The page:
Mr. Speaker, I will be sharing my time with the member for Eglinton—Lawrence.
The Kyoto protocol is an international accord established five years ago, which led to several large international conferences where the world community negotiated, sometimes bitterly, the conditions for the implementation of the accord. It was at the Conferences of the Parties held in Bonn and Marrakech in 2001 that the international community, or some 178 countries, came up with the realistic framework that gave each country a certain flexibility in determining how they would meet their targets.
This is the context in which the government has already, it should be noted, committed more than one billion dollars toward measures to reduce greenhouse gas emissions, and undertaken studies and consultations leading to an action plan tailored to the realities and the limitations of our country.
Through, on the one hand, our sustained participation in this international process of unprecedented scope and complexity, and also through a large-scale mobilization here within Canada, we have paved the way toward the ratification of the Kyoto protocol
Now the time has come for our Parliament to approve the process and to ask our government to ratify the protocol, in other words, to announce officially that Canada will take part in this international agreement to reduce greenhouse gas emissions. By this agreement, we send the message that our country agrees with this major international contract to fight global warming within the framework of a combined effort involving dozens of other countries.
I wanted to recall briefly the international context surrounding the ratification procedure that we are now debating, in order to show that our actions here in Canada will be an integral part of international actions.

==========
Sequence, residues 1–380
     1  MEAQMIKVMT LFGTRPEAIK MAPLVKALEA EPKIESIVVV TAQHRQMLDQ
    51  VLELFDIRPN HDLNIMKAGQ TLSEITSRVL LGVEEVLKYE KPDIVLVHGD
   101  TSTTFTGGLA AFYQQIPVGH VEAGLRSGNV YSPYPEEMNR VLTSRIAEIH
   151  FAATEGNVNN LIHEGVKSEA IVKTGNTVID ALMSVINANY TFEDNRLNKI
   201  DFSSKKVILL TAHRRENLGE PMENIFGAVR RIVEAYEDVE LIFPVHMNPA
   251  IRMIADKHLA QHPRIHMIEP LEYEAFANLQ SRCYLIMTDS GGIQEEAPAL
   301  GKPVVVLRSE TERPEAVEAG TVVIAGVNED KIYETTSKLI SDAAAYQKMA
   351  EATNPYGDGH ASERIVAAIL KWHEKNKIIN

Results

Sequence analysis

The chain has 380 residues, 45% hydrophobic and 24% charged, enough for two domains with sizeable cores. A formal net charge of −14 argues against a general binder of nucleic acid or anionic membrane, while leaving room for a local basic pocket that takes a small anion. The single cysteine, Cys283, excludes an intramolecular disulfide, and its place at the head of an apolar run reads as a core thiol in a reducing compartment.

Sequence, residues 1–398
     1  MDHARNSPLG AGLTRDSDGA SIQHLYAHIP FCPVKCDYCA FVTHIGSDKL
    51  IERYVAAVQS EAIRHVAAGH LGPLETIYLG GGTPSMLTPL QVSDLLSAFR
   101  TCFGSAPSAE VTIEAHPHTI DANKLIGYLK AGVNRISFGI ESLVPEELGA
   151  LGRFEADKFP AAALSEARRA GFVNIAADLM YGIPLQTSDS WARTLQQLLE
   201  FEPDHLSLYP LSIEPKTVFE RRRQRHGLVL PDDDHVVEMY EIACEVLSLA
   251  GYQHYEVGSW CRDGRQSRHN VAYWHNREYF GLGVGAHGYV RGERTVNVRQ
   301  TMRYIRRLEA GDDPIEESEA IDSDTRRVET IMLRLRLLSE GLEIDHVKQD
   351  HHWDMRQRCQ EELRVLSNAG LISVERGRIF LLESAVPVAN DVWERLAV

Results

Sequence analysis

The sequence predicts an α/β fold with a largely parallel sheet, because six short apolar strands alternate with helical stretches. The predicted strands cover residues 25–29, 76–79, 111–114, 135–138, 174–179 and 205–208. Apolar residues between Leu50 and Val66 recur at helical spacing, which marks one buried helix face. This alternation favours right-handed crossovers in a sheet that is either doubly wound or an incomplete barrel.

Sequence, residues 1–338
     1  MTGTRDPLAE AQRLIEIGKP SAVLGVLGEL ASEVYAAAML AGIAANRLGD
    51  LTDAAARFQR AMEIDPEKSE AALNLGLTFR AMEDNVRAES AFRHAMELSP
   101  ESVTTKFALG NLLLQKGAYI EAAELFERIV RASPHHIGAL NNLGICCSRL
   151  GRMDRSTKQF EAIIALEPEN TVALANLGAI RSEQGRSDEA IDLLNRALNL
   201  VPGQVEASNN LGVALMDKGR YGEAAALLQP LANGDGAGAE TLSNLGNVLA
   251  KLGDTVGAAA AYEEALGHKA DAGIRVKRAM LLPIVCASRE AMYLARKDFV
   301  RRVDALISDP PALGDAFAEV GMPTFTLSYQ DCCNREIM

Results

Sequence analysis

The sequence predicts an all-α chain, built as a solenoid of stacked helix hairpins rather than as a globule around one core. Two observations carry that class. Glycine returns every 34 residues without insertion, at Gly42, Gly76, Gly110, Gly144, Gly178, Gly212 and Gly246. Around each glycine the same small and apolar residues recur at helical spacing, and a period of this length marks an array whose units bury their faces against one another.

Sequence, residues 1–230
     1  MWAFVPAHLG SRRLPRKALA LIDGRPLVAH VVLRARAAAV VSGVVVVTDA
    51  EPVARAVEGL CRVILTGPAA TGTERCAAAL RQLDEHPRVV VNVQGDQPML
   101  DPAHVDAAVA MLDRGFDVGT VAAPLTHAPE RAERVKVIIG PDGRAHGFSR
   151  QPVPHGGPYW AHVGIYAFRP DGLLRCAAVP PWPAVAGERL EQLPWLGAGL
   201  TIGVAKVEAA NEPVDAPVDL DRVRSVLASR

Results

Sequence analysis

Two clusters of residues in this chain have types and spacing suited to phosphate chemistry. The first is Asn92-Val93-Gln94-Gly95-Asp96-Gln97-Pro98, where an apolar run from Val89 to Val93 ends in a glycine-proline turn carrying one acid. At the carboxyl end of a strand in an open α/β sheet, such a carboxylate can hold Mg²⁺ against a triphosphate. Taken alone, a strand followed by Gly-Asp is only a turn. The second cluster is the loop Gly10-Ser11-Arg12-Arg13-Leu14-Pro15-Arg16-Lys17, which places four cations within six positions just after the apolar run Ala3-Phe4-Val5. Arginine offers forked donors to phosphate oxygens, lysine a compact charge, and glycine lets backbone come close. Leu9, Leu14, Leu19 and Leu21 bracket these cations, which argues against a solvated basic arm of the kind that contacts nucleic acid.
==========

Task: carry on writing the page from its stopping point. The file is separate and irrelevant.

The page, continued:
I wanted to remind members of this to demonstrate that one cannot contrast—as some have tried to do—a completely Canadian action plan with the enormous international effort resulting from the Kyoto protocol.
Our action plan fits within the international action plan, and is not independent of it. However, it can be completely tailored to Canadian realities.
In the past few days, our colleagues have debated the Kyoto protocol and Canada's ratification of it in scientific and economic terms, and in terms of the political repercussions.
As far as the scientific aspects are concerned, I will refer to the findings of the three working groups of the United Nations Intergovernmental Panel on Climate Change. This panel brought together the best government experts in the world and prepared consensus reports that the Financial Times considered to be models of their kind. These reports describe what we can expect. When I say we, I mean the earth, the oceans, the climate, human beings and other life forms if we continue down the current slope in terms of climate change brought about by human activity. These reports suggest possible adaptation strategies, while noting that “tackling climate change is now a political, at least as much as a technical or economic, problem”.
As for the economic aspects of the issue, during this debate we have seen numerous scenarios unfold, often with alarmist predictions, including an economic slowdown, loss of competitiveness, loss of hundreds of thousands of jobs, unknown costs, unfair distribution of the burden, and so on.
In reality, the most credible numbers come from the National Climate Change Process, Analysis and Modeling Group, a group comprised of representatives from all levels of government in Canada.